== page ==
Scene and Heard – CCLXXI : Pry – Major of Roses (reviewed by Dave Franklin)

23376142_292236467942997_1597477921029238499_nRight from the off there is something of Bowie’s Blackstar vibe at the heart of this second single from Major of Roses. Not perhaps in the vocals, here they fall into deeper and more resonant realms, but the dark minimalism, the poignancy of the lyricism and the general brooding nature of the piece. It revels in melancholy without plunging into misery, it is reflective rather than self-pitying, is heartfelt rather than heart-aching.

Built out of the most plaintive and sparing of piano lines, a sparse beat and a few surrounding sonic details such as distant synth lines and occasional vocal accompanying harmonies, it frames the vocals brilliantly, allowing the rich baritone to be most effective. It revels in space and atmospherics, anticipation and understatement, things which seem rare in the modern musical world, Pry being the perfect antidote to the bombastic and cluttered pop that we are subjected to on a daily basis.

It is a song confident enough in its own skin to take its time, which revels in restraint and underplay, often as interested in what is happening between the notes as the sounds themselves. It is a song built around space, carefully crafted sounds creating a sonic wake as it builds ambient landscapes of meditative post-pop. It is also a song you could describe as unique, and beautiful, haunting, ambient and otherworldly, built through seamless and graceful musical lines and leaves the listener to join dots. This is music as suggestion rather than direction, neither leading nor following but happier to follow its own meandering instincts.

The best music is found in a place that has no need for pigeon-holes and labels, and Major of Roses is happy to make music which wilfully subverts the listeners expectations and journalistic labelling. Genres? Who needs them?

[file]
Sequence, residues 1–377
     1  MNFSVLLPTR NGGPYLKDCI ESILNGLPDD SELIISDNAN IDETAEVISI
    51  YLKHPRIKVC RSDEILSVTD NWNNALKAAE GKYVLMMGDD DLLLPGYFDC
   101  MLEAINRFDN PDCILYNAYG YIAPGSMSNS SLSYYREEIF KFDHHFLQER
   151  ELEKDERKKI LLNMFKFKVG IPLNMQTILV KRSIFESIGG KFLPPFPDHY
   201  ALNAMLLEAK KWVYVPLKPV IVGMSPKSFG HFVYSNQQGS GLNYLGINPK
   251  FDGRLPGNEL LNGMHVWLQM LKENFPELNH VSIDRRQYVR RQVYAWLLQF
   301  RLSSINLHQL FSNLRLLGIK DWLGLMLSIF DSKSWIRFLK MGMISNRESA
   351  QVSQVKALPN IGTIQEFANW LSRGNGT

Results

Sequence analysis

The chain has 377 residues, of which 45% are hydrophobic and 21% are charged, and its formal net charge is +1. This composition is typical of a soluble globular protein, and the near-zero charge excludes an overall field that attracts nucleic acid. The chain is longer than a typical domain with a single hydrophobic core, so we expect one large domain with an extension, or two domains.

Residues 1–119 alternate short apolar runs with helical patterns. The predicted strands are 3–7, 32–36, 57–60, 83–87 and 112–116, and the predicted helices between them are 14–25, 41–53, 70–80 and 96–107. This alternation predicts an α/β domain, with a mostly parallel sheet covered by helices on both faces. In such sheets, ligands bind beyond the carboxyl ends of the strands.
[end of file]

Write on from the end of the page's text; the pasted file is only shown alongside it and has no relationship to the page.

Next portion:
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A Room of Ones Own –  Kini (reviewed by Dave Franklin)

Kini - A Room of One's Own (cover).jpgThere is a wonky charm and disjointed wonderment that threads its way through I Too Overflow, the single that paves the way for the soon to be released album A Room Of Ones Own, a beguiling sound that is at odds with the songs subject matter. Songs about the pressures to conceal and conform so that the floodgates of fear, anger and frustration don’t spill out for all to see usually take suitably bombastic form. The genius of Kini is that she explores this territory via gentle and quirky pop, or perhaps post-pop, which wanders between ethereality and oddness. Dudu (Play) that it comes coupled with, explores the pressure to compartmentalise ourselves in order to face the world with an acceptable front, again taking a very understated musical approach.

As a calling card for the album these two songs are perfect, showcasing Kini’s ability to express deep thoughts and explore the modern psyche whilst using wonderfully off kilter music as a vehicle. It is pop of sorts but pop for the thinker, pop for those who want to be made to react, pop that doesn’t play by the rules, pop looking for new musical frontiers. It is deconstructed music, sometimes only just hanging together in a form that you could call a song, more usually following its own blueprints, or perhaps none at all.

Kal in particular is a mercurial beast, always feeling as if it is just about to come together as a song but tantalisingly never quite meeting the listeners expectations. But if music always met our expectations how would it evolve? And to counter Kal’s clipped and curious noises, Rimay drifts through on a haze of industrial echos and Nuna has the disembodied feeling of a song being channelled from deep space or heard through the filter of a thick wall, with only certain frequencies carrying through to the listener.

Kini is an interesting prospect and A Room of Ones Own is a remarkable collection of songs. What you have to admire is an artist who knows that her own musical vision will appeal to a very discerning and niche audience but persues it anyway, an artist who knows that they could make life easier on themselves but also that honesty is the best policy. And Kini’s music is honesty. It is also strange, beguiling, wonderful, challenging, risky and exploratory but honesty is where it all begins.

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